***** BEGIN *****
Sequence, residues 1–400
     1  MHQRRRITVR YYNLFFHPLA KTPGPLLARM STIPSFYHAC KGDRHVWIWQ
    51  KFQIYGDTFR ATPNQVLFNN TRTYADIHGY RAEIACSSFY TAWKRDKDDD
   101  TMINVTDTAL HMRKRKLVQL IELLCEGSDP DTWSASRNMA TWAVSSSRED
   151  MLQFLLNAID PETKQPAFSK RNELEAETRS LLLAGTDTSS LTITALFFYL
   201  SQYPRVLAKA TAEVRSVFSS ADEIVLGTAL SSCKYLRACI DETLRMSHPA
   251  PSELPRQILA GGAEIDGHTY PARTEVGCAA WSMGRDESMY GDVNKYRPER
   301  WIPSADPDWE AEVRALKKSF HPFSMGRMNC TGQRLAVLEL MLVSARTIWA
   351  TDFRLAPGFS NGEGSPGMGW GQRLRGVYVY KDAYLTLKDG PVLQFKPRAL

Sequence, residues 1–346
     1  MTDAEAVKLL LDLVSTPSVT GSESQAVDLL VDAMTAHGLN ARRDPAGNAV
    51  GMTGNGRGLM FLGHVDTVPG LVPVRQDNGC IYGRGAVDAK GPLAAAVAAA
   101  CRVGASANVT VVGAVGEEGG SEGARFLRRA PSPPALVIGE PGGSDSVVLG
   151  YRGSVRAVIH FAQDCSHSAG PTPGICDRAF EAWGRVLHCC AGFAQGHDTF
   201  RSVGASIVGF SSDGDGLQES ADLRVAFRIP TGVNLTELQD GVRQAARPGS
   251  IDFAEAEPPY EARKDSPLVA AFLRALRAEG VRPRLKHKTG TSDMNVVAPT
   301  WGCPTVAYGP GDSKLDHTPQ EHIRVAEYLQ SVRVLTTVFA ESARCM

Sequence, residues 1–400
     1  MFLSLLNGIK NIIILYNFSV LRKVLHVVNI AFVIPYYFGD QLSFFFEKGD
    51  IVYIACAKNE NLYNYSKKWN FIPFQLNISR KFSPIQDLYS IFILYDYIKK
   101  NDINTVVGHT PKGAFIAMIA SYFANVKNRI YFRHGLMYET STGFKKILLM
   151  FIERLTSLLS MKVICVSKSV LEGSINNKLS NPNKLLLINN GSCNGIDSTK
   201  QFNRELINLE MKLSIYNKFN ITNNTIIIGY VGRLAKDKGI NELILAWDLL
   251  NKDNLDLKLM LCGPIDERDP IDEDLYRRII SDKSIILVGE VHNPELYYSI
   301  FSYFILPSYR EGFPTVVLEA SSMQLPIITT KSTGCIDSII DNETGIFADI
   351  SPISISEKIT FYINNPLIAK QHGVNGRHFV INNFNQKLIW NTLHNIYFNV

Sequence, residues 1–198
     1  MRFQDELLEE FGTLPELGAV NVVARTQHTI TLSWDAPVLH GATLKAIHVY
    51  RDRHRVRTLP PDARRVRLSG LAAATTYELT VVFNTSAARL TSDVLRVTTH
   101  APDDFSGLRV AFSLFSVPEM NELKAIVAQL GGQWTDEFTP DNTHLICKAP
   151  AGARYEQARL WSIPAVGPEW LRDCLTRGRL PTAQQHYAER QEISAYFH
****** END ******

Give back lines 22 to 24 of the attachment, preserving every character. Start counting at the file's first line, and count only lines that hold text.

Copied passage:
   151  FIERLTSLLS MKVICVSKSV LEGSINNKLS NPNKLLLINN GSCNGIDSTK
   201  QFNRELINLE MKLSIYNKFN ITNNTIIIGY VGRLAKDKGI NELILAWDLL
   251  NKDNLDLKLM LCGPIDERDP IDEDLYRRII SDKSIILVGE VHNPELYYSI